Re: [apps-discuss] apps-team review of draft-holsten-about-uri-scheme-06

Mykyta Yevstifeyev <> Wed, 15 June 2011 15:24 UTC

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Date: Wed, 15 Jun 2011 18:24:41 +0300
From: Mykyta Yevstifeyev <>
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Subject: Re: [apps-discuss] apps-team review of draft-holsten-about-uri-scheme-06
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18.03.2011 21:46, Alexey Melnikov wrote:
> Hi Martin,
> As authors didn't respond to your comments and I need to pass on 
> shepherding of this document to Peter, so I will quickly respond to 
> clarify where I stand on your comments (as the shepherding AD):
Hello all,

The authors of draft-holsten-about-uri-scheme allowed me to help them 
with the draft.  The -07 version is almost ready; it is believed to 
incorporate comments from Martin above.  Let me inform what was changed 
with regard to each of these points.
> Martin J. Dürst wrote:
>> I have been selected as the Applications Area Review Team reviewer for
>> this draft (for background on apps-review, please see
>> Please resolve these comments along with any other Last Call comments
>> you may receive. Please wait for direction from your document shepherd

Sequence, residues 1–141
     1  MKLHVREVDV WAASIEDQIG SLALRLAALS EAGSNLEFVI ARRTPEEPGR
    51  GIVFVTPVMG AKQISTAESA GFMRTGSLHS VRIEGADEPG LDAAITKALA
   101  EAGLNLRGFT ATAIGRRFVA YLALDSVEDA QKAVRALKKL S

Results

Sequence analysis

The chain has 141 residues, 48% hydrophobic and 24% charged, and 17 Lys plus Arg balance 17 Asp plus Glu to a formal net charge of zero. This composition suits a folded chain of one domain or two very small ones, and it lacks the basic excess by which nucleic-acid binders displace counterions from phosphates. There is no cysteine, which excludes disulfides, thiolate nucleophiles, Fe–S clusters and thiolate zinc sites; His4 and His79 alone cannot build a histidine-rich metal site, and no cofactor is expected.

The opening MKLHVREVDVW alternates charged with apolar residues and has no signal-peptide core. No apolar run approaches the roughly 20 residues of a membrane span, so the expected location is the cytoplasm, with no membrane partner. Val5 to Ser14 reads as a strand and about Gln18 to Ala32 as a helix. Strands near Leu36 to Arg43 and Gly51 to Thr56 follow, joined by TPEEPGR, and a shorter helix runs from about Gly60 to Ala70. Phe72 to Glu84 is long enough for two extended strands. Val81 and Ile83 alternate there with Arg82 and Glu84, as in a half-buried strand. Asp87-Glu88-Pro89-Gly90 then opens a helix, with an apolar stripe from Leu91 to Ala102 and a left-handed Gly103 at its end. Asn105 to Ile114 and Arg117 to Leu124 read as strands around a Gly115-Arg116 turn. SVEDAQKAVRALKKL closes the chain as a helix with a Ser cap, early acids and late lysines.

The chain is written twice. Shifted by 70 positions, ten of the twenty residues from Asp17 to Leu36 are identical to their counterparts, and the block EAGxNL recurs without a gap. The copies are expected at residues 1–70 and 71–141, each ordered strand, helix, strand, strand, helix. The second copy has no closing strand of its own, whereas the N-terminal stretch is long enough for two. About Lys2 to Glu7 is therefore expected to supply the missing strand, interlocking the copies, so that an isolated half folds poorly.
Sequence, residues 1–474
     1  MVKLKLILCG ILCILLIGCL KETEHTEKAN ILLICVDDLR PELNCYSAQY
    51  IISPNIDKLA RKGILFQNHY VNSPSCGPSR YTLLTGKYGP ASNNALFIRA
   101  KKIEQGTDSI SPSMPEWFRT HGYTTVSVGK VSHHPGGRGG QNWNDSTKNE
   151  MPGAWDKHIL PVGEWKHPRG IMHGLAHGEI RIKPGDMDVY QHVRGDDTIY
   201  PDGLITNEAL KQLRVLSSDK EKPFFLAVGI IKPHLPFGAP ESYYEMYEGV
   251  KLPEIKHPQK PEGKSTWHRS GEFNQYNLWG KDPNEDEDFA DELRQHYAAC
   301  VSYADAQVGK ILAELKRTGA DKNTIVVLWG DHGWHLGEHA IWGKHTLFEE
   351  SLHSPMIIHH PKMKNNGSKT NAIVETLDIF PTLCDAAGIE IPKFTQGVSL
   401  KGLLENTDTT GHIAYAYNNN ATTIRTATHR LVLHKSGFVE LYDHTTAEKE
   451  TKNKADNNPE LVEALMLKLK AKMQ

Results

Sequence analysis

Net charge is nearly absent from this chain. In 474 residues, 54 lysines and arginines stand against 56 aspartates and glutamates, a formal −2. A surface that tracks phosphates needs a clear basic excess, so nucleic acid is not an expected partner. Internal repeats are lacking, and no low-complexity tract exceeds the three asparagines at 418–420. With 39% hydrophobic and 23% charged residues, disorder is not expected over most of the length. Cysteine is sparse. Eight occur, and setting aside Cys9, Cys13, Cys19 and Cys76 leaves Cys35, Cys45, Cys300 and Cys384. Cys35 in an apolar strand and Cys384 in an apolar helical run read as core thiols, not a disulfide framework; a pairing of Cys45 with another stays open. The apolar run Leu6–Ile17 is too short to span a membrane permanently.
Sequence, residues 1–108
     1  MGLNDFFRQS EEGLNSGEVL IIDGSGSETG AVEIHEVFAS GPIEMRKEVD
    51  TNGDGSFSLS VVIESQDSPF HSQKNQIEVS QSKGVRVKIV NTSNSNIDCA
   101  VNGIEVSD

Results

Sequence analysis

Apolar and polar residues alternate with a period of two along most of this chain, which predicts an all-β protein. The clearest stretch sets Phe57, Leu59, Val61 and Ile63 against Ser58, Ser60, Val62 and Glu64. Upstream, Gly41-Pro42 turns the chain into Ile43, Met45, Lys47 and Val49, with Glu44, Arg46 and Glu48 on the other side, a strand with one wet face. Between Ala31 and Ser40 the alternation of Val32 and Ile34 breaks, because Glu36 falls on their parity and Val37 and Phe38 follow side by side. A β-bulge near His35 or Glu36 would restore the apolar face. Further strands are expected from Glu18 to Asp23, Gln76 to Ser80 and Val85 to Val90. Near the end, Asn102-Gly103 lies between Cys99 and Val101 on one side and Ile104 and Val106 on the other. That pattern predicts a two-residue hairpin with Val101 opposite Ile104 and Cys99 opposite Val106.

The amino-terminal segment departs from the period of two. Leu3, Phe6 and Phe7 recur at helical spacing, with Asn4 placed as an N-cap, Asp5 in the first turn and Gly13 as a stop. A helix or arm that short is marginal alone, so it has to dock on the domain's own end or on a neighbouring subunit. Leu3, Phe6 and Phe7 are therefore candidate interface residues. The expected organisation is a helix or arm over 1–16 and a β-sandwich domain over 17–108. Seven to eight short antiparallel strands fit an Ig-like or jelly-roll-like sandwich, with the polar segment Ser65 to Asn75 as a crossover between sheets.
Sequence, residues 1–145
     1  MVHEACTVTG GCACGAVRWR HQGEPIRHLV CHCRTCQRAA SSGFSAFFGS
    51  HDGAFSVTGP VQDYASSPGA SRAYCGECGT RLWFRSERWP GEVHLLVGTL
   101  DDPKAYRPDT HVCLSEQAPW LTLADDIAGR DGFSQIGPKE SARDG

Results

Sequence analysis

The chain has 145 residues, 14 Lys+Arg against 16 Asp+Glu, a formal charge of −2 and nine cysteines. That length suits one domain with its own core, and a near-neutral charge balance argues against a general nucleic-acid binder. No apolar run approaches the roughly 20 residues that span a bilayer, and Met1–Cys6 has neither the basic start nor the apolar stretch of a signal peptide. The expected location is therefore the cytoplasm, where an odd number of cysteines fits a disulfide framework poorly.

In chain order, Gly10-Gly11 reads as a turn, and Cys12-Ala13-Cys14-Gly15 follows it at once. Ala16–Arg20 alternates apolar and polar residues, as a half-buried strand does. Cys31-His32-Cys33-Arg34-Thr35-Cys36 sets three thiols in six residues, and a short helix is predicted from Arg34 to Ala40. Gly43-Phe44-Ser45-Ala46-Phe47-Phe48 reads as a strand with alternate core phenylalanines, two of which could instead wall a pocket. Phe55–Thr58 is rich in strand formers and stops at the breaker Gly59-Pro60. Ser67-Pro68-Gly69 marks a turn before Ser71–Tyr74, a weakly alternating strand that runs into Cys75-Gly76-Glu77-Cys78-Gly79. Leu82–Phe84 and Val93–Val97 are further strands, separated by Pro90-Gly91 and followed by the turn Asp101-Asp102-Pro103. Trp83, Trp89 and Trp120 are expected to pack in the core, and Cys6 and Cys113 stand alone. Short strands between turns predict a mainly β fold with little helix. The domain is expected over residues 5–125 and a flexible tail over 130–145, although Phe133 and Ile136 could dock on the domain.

>> or AD before posting a new version of the draft.
>> Document: draft-holsten-about-uri-scheme-06
>> Title: The 'about' URI scheme
>> Reviewer: Martin J. Dürst
>> Review Date: February 7, 2011
>> Summary: This draft is not ready for publication, but because it is 
>> short, the problems identified below could be fixed soon.
>> This draft defines the about: URI scheme, a scheme that has been used 
>> internally, informally by browsers since ages. It's good to see this 
>> defined and registered finally, but there are some problems that need 
>> to be fixed.
>> Major Issues:
>> - Section 5.1: "Other specification MAY reserve "about" URIs.": How 
>> is this done? And done in a way that gives implementers a chance to 
>> know about it? Surely if specifications are involved, a very 
>> lightweight version of IANA registry/process should not be too heavy. 
>> For my own taste, even a Wikipedia page might do the job, but just 
>> leaving this open looks like a bad idea. If additions are thought to 
>> be very infrequent, "updates to this specification" might also do the 
>> job.
> I think pretty much everybody (including GenArt, Ted Hardie and 
> myself) spotted this issue.
Currently, the registry for 'about' URI tokens is intended to be 
created.  The proposed text is:
> 9.2. IANA Registry for Reserved 'about' URIs Tokens
>    IANA is asked to create and maintain the registry called "Reserved
>    'about' URIs Tokens" following the guidelines below.
>    The registry provides a listing of registered reserved 'about' URI
>    tokens.  The reserved 'about' URI token refers to the string used in
>    the <about-token> part of reserved 'about' URIs, with the syntax
>    described in Section 2 for this rule.  The entries in the registry
>    MUST refer only to those values that are used in reserved 'about'
>    URIs, as described in Section 5.1.
>    The registration procedures for this registry are 'First Come First
>    Served', described in RFC 5226 [RFC5226].  The registrant of such
>    token SHALL also provide the following registration template, that
>    SHALL be available on IANA web site:
>      Reserved 'about' URI Token.  REQUIRED field.  Desired 'about' URI
>      token, compliant to the syntax described in Section 2 of this